The use of boosted protease inhibitor (PI)-based antiretroviral therapy has become increasingly recommended in international HIV treatment consensus guidelines based on the results of randomized clinical trials. However, the impact of this new treatment strategy has not yet been evaluated in community-treated cohorts.
We evaluated baseline characteristics and plasma HIV RNA responses to unboosted and boosted PI-based highly active antiretroviral therapy (HAART) among antiretroviral-naïve HIV-infected patients in British Columbia, Canada who initiated HAART between August 1997 and September 2003 and who were followed until September 2004. We evaluated time to HIV-1 RNA suppression (<500 HIV-1 RNA copies/mL) and HIV-1 RNA rebound (>or=500 copies/mL), while stratifying patients into those that received boosted and unboosted PI-based HAART as the initial regimen, using Kaplan-Meier methods and Cox proportional hazards regression.
During the study period, 682 patients initiated therapy with unboosted PI and 320 individuals initiated HAART with a boosted PI. Those who initiated therapy with a boosted PI were more likely to have a CD4 cell count <200 cells/muL and to have a plasma HIV RNA>100 000 copies/mL, and to have AIDS at baseline (all P<0.001). However, when we examined virological response rates, those who initiated HAART with a boosted PI achieved more rapid virological suppression [relative hazard 1.26, 95% confidence interval (CI) 1.06-1.51, P=0.010].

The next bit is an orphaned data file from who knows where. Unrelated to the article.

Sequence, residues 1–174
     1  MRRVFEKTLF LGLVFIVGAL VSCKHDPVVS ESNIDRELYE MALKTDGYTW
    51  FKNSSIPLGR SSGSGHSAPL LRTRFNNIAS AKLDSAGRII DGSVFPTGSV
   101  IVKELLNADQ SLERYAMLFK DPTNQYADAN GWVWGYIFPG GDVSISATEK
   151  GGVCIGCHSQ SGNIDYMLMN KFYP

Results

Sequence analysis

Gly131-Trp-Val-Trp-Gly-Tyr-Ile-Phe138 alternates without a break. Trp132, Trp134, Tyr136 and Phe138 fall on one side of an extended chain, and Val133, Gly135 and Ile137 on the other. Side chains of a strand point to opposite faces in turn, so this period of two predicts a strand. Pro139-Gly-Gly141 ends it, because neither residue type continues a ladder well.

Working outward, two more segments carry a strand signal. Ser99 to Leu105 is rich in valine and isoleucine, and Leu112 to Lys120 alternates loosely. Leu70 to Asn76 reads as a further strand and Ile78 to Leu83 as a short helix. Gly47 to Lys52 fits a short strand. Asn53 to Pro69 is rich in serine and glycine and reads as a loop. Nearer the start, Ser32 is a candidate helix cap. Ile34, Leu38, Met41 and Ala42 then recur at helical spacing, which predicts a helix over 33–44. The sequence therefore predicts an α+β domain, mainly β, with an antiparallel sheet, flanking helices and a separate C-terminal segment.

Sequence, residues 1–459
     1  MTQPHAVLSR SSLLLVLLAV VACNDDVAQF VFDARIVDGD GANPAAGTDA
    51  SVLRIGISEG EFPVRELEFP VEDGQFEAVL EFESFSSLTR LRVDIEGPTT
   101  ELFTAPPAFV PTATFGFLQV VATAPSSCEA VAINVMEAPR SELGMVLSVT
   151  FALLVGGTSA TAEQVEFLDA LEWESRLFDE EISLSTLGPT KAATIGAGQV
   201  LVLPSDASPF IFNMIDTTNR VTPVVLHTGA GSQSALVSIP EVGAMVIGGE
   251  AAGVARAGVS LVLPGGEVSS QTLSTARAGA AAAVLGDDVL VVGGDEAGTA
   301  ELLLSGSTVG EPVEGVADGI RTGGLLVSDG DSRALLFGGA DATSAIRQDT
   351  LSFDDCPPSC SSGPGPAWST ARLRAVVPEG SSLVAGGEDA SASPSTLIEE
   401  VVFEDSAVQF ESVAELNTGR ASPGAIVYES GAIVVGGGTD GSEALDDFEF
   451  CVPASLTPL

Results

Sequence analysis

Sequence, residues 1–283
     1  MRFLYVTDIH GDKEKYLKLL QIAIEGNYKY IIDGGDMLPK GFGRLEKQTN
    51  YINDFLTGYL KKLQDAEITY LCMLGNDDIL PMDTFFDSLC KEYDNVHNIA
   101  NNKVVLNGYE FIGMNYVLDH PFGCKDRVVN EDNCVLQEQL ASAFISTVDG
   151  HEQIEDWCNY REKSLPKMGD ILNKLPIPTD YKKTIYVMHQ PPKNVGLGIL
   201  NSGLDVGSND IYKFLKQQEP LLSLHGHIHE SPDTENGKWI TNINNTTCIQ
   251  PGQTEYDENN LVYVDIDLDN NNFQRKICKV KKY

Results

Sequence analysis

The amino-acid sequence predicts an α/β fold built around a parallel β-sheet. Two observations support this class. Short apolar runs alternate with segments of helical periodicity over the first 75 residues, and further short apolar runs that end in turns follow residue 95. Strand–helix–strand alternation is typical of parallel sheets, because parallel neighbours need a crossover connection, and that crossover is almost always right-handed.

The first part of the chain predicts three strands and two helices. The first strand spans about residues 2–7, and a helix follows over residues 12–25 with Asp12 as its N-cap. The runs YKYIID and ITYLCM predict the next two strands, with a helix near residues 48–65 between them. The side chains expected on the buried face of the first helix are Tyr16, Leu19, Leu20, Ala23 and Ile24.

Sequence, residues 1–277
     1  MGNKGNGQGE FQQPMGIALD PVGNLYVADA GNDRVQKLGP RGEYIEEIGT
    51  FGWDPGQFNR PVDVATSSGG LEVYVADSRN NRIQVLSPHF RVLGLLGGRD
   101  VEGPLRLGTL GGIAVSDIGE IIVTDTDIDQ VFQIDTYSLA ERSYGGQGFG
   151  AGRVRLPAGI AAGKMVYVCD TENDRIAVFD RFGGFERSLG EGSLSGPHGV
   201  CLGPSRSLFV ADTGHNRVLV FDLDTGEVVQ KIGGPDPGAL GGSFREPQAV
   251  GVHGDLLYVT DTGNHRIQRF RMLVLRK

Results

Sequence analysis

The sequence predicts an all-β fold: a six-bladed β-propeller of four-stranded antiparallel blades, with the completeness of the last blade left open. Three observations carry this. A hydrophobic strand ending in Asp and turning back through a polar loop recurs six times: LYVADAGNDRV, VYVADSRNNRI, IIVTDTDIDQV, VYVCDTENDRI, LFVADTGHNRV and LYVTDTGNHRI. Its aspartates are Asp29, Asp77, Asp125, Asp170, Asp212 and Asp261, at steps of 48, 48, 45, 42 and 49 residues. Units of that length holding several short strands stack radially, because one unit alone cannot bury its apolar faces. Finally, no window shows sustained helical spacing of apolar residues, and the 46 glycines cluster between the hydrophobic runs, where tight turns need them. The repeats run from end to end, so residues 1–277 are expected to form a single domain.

Patients prescribed boosted PIs achieved superior virological response rates despite baseline factors that have been associated with inferior virological responses to HAART. Despite the inherent limitations of observational studies which require this study be interpreted with caution, these findings support the use of boosted PIs for initial HAART therapy.